Jesus came not to be served, but to serve. Now this divine meekness that Jesus manifested was not at all related to timidity. It is not another name for fear, or anxiety, or weakness, or cowardice. In fact, the truly meek are the truly brave who alone can be calm in the midst of the storm, and not be easily ruffled or disturbed in spirit because things are going wrong. Meekness does not at all imply a negative, passive attitude that surrenders to any and every foe. Moses was declared to be the meekest man on the face of the earth (Numbers 12). And yet, when you read the story of his life, you find that he was a successful general of armies; that he faced the mightiest empire in the world at that time. He and his brother faced that whole empire alone and demanded that they yield to the sovereignty of the God of heaven.
Daniel and his companions were meek. They were humble and gentle, just like lambs, but when it came to moral principle, they stood their ground and they fought with the courage and boldness of lions. Shadrach, Meshach and Abednego refused the authority of Nebuchadnezzar who commanded them to worship the golden image instead of the God of Heaven, even though it meant they were cast into the burning, fiery furnace. For Daniel, disobeying the king’s decree meant that he was cast into the den of lions. Meekness does not imply weakness. These brave men were not afraid to defy the decrees of the most powerful kings in the world at that time, whose word was law and whose authority embraced the whole then-known world.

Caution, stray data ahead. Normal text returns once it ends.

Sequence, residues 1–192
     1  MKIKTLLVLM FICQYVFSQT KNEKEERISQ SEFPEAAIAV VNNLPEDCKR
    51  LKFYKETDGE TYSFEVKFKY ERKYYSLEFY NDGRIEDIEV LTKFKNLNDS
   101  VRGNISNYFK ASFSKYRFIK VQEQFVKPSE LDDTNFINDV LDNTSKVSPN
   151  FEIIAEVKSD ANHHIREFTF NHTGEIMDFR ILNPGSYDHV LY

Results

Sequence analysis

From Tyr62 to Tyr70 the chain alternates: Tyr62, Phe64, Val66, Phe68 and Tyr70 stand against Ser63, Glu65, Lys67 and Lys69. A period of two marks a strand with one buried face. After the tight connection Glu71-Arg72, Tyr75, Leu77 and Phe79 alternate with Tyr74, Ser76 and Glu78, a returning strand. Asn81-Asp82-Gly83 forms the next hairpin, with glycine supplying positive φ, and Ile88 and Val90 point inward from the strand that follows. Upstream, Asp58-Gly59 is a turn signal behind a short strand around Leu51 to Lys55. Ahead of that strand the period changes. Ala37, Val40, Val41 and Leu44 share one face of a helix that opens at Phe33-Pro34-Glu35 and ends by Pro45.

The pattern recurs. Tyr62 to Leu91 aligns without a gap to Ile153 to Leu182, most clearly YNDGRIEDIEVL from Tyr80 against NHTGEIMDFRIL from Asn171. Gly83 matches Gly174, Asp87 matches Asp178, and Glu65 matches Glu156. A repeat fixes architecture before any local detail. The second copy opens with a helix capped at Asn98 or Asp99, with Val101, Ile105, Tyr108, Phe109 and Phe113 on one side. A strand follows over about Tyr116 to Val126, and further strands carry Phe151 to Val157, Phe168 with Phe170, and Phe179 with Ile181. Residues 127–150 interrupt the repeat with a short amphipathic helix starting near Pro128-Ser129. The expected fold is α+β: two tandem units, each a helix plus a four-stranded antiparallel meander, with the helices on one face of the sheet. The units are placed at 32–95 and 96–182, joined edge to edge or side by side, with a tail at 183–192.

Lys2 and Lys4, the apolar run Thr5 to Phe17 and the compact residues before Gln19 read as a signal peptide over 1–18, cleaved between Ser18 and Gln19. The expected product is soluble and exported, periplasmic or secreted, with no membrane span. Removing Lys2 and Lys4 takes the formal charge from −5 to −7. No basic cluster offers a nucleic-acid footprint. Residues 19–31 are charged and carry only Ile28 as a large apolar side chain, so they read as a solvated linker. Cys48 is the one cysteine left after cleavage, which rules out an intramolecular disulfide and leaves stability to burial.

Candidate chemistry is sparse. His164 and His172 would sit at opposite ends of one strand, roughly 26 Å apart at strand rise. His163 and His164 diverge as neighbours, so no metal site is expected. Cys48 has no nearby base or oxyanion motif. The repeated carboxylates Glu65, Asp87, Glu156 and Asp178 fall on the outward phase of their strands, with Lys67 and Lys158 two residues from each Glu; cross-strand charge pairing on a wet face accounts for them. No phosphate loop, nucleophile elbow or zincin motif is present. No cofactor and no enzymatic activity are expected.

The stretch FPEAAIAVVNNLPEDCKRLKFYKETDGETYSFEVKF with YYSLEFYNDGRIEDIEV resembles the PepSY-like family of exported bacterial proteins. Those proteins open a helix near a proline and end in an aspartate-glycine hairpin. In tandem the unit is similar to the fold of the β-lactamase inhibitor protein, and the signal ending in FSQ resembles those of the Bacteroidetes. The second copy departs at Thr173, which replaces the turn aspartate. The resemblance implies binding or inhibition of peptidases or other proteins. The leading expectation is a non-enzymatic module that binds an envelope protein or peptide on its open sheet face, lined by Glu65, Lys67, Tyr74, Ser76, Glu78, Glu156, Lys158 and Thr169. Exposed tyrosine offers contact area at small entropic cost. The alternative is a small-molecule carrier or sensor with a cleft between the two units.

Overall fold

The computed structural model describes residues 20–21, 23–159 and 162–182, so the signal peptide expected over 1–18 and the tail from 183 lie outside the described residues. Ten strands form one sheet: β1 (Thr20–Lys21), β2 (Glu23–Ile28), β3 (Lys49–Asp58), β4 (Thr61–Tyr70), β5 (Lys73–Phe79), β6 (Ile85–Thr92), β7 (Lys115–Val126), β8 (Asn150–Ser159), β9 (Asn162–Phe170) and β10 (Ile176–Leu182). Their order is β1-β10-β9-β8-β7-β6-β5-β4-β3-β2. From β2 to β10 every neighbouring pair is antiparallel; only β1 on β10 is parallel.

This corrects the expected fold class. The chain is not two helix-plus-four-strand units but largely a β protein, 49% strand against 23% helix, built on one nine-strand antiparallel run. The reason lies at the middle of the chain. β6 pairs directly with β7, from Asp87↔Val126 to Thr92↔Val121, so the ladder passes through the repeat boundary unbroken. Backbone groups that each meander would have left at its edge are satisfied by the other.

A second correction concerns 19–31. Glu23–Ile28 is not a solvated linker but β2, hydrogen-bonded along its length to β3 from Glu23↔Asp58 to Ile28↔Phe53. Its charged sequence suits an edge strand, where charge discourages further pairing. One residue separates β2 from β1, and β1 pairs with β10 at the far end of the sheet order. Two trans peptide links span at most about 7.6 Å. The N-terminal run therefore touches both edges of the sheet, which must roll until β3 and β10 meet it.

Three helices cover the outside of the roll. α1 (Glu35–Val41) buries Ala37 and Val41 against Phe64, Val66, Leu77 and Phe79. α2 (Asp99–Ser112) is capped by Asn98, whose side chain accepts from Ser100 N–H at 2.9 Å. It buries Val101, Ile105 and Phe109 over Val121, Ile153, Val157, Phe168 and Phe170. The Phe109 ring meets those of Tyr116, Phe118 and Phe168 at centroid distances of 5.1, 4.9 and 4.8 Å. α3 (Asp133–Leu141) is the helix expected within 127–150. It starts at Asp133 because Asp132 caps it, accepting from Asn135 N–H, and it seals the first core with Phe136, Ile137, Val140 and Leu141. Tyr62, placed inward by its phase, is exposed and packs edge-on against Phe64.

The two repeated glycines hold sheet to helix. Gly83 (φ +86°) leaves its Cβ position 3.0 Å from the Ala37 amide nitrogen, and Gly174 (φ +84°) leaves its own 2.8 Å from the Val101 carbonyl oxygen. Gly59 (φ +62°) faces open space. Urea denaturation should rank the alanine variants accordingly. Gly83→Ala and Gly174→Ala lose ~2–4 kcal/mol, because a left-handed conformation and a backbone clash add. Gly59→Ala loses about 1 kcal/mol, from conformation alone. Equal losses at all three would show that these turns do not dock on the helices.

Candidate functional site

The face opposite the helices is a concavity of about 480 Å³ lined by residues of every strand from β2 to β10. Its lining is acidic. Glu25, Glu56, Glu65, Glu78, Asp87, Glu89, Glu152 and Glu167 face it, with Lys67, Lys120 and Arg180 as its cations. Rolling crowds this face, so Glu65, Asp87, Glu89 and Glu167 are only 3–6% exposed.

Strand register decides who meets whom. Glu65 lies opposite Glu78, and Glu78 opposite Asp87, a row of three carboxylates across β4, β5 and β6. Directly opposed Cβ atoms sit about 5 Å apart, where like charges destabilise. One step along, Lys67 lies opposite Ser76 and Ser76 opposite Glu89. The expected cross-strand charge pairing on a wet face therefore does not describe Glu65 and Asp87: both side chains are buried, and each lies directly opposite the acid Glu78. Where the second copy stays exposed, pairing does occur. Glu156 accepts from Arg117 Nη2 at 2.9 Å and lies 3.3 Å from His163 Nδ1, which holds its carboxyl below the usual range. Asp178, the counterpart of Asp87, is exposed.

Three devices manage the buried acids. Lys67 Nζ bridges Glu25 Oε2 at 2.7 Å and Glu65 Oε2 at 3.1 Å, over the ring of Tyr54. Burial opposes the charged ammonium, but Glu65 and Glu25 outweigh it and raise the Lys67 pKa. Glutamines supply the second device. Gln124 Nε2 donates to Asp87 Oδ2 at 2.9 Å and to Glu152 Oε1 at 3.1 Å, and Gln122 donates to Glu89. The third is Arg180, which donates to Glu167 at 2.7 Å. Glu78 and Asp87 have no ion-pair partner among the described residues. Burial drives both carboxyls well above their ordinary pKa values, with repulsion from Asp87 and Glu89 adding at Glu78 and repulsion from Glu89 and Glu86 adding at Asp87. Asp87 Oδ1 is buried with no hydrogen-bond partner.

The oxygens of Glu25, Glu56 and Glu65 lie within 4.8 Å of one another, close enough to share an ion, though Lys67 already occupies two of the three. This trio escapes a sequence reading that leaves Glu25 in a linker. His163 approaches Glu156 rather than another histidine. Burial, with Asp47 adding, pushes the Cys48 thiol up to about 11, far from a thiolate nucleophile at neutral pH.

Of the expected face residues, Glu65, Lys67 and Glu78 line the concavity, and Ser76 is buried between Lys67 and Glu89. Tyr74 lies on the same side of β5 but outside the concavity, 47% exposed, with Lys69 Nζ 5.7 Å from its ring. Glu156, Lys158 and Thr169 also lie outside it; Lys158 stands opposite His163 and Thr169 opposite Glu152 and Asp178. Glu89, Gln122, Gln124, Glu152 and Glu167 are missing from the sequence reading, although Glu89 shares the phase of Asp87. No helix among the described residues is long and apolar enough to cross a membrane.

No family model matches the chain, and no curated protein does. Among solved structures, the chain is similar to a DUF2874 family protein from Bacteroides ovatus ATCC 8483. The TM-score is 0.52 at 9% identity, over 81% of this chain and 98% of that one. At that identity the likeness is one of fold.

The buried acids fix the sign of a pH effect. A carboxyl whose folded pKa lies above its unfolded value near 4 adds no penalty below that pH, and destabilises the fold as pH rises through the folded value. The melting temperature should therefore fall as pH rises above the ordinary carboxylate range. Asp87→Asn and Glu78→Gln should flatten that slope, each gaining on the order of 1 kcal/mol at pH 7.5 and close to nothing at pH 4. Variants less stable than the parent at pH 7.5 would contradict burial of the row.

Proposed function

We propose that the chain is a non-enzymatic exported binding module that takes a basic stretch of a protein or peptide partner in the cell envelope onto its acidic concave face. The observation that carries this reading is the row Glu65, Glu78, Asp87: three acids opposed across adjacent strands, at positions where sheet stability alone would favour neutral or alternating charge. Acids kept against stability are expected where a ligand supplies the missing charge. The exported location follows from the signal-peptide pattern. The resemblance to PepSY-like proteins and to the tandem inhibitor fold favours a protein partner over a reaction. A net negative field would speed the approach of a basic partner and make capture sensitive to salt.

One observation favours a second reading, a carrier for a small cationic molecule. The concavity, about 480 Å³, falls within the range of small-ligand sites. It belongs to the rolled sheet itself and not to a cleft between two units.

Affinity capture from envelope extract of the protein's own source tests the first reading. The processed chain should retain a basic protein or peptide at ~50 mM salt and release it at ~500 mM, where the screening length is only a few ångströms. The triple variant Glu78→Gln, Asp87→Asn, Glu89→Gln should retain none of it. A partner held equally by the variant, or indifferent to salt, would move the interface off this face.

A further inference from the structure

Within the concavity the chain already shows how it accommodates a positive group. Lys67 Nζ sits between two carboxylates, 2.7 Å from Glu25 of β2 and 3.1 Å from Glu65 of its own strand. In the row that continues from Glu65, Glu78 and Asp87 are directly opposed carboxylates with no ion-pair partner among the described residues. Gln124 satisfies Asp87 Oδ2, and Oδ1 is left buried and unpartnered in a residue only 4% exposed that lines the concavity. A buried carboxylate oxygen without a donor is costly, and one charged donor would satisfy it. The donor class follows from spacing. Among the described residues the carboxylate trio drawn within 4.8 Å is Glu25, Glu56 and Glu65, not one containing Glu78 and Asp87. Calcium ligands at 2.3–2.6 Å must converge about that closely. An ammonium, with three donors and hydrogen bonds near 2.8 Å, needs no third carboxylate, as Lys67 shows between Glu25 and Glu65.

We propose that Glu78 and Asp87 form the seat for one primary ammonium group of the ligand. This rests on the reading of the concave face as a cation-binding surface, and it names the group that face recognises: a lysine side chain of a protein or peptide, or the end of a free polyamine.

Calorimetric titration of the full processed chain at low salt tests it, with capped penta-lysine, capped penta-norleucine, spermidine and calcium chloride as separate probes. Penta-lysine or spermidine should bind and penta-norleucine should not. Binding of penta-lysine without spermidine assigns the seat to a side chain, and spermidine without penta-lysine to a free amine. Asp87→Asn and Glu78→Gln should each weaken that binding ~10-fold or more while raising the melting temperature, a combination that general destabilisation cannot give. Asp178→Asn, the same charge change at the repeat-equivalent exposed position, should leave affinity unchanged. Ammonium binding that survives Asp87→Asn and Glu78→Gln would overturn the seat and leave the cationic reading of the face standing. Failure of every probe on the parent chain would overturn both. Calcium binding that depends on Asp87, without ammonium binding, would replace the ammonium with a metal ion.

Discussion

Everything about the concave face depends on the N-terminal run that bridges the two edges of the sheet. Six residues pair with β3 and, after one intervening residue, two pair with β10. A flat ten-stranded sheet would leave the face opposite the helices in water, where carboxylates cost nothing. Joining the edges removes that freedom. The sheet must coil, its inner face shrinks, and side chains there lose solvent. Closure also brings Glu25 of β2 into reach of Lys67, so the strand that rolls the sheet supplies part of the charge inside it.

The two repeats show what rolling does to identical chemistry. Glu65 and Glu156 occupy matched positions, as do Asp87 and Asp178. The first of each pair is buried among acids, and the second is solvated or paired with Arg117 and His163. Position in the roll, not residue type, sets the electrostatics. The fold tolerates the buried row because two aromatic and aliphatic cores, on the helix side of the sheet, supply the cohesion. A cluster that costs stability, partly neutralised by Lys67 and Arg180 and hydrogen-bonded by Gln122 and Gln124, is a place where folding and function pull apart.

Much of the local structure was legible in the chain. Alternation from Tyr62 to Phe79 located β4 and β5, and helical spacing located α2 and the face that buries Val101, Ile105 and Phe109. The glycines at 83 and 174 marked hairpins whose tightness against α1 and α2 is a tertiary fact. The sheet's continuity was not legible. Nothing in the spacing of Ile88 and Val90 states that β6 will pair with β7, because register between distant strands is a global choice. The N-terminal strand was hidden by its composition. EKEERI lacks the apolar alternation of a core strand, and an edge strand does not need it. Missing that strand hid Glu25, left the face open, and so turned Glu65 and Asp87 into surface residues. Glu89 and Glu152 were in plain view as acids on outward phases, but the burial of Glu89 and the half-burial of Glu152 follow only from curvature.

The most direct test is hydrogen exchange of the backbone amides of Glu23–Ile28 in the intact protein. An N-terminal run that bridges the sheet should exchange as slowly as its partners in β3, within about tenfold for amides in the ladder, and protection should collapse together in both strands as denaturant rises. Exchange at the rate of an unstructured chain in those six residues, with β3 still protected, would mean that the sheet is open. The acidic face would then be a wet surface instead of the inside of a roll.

After the crucifixion when the disciples saw what their Lord had done for them, their pride was abashed, abased, humbled. They could never strive for the highest place again. They knew that in the kingdom of Christ the highest position is for those who are the lowliest in servitude.
During the years of persecution and martyrdom, the disciples stood brave and firm for the truth, even though, as is recorded, 11 out of the 12 were martyred. And the one who was not martyred was banished to the isle of Patmos, after he was cast into a cauldron of boiling oil, in an effort to destroy him.
So, a meek person is not a weak person. In fact, meek people end up being the bravest people in the world. Abraham Lincoln was a very meek man, but also very great. His greatness grows with every passing year as people begin to appreciate more and more his character. Abraham Lincoln is said to have had a favorite poem that was entitled, “O, Why Should the Spirit of Mortal Be Proud?” Lincoln was a humble man, but no one could question his courage. No person would dare say that he was weak because he was meek.